Nursing

Tips from BESD: Strategies for teaching communication skills

Staff Development Weekly: Insight on Evidence-Based Practice in Education, July 23, 2010

One strategy to use when teaching communication skills is to have learners observe examples of good and bad communication and ask them to evaluate what they saw. Ask participants to walk around your organization and identify two or more examples of good communication and two examples of poor communication.

You may want to give specific locations that are appropriate, such as areas of public access (e.g., hospital lobby, elevators, cafeteria). Give participants a specific amount of time to collect examples. Remind learners to pay attention to the confidentiality of communication. For example, if a visitor is asking for directions, it is probably okay to observe the interaction. It is not okay to observe an interaction concerning treatment or other issues protected by privacy laws.

Give participants a template to follow as they observe communication. For example, when observing in-person interactions, have them answer the following questions:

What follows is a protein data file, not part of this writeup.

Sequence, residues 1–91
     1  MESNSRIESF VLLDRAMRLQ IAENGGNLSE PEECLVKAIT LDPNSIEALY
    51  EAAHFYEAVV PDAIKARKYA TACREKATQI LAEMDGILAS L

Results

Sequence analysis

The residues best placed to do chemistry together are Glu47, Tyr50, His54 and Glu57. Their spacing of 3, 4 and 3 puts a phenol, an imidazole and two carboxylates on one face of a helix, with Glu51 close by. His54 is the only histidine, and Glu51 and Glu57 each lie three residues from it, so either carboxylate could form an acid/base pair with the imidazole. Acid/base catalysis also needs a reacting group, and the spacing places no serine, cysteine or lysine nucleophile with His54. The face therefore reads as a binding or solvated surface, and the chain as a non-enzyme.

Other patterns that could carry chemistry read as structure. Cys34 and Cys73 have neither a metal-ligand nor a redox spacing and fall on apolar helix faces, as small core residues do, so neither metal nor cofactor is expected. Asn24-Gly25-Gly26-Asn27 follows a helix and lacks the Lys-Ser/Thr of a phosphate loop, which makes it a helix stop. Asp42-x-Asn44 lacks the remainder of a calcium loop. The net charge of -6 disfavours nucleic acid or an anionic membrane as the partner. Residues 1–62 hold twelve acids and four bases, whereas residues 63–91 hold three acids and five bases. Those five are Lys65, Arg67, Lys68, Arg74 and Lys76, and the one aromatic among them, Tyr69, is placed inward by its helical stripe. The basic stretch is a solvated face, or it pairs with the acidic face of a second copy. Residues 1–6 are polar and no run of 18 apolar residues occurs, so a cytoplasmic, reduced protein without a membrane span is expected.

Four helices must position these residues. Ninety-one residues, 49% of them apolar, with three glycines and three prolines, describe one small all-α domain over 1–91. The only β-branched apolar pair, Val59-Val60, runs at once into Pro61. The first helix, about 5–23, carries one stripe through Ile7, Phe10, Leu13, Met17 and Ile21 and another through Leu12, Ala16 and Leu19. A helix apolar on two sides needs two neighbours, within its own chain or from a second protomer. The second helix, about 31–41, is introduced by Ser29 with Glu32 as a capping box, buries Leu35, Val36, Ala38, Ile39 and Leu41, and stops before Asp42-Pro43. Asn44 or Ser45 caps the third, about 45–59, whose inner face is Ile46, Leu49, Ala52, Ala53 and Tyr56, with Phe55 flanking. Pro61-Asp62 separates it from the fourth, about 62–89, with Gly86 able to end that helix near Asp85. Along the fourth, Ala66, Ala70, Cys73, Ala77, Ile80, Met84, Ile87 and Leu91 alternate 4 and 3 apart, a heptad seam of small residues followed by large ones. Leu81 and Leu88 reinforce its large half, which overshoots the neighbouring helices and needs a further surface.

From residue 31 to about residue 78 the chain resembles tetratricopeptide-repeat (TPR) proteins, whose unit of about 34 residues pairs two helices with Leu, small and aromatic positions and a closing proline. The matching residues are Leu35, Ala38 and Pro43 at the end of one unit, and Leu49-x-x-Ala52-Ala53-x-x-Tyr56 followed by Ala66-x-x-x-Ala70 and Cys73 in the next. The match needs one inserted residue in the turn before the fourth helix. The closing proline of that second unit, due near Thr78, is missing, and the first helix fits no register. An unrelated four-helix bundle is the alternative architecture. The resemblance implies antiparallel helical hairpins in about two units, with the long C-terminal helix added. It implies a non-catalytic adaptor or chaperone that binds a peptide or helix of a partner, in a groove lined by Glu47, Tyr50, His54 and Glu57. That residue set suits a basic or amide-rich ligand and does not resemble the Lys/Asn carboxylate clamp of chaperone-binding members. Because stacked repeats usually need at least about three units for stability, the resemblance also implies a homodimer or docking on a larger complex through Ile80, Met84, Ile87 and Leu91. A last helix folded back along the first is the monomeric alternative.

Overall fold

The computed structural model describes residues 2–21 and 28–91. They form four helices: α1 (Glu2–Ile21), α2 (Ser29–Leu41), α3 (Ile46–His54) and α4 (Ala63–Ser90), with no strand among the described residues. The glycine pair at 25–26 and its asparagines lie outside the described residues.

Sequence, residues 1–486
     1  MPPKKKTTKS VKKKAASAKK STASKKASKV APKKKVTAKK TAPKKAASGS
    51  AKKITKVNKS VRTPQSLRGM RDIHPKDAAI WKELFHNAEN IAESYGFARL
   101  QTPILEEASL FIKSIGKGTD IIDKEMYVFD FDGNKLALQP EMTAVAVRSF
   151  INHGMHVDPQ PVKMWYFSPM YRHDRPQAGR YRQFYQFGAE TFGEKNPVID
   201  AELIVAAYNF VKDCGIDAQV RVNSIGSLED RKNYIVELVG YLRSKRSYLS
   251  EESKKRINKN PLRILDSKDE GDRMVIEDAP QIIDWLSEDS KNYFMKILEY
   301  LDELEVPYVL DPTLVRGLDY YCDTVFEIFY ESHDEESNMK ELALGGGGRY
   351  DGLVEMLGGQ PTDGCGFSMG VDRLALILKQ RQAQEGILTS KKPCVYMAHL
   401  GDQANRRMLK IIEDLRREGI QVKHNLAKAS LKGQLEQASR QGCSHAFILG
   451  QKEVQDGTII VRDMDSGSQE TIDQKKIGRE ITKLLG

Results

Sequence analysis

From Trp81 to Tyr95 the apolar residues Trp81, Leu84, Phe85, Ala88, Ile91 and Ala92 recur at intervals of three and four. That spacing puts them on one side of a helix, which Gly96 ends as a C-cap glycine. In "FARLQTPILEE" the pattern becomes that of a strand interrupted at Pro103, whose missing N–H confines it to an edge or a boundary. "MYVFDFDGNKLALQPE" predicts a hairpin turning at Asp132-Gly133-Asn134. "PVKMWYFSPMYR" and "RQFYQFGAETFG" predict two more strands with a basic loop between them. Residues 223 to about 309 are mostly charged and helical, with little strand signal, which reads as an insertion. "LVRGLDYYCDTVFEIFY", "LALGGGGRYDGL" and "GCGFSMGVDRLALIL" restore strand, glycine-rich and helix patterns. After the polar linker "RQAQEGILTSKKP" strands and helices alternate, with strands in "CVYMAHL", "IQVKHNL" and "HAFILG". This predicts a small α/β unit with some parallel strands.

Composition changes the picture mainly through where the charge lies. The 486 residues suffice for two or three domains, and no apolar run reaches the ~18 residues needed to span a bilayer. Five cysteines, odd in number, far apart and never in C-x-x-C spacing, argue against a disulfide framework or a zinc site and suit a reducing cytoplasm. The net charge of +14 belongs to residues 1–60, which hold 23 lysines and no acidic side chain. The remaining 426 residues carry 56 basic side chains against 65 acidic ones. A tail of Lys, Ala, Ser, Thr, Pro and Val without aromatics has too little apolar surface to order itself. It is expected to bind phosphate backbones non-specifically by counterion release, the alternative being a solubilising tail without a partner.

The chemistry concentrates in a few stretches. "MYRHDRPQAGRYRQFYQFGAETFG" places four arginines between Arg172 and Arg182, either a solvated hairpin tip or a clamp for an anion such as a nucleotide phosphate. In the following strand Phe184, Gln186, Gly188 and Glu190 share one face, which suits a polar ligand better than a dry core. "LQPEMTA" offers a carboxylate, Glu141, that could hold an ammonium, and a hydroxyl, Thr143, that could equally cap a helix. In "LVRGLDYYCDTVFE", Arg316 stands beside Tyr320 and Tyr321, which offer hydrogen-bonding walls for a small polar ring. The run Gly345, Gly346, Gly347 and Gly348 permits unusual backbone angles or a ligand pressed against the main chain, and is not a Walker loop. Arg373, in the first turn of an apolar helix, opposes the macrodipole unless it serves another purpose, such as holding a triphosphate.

• Who is involved in the communication? Don't use names, just general identifiers such as "two nurses," "a nurse and a physician," or "a visitor and a physical therapist."
  • What did the body language indicate? For example, was personal space respected? Was eye contact (if culturally appropriate) maintained? Were both people at the same eye level? Did either of them cross their arms?
  • What was the emotional overtone of the communication? Did it seem cordial? Argumentative? Was either participant (or both) obviously uncomfortable with the interaction? If so, why or why not?
  • What tone of voice was used? For example, was the interaction conducted in a loud tone of voice, indicating anger? Did the people involved speak clearly and make an effort to be understood?


Editor's note: Subscribers to Briefings on Evidence-Based Staff Development can read the rest of this article in the July 2010 issue. Discover all the benefits of subscribing to Briefings on Evidence-Based Staff Development.

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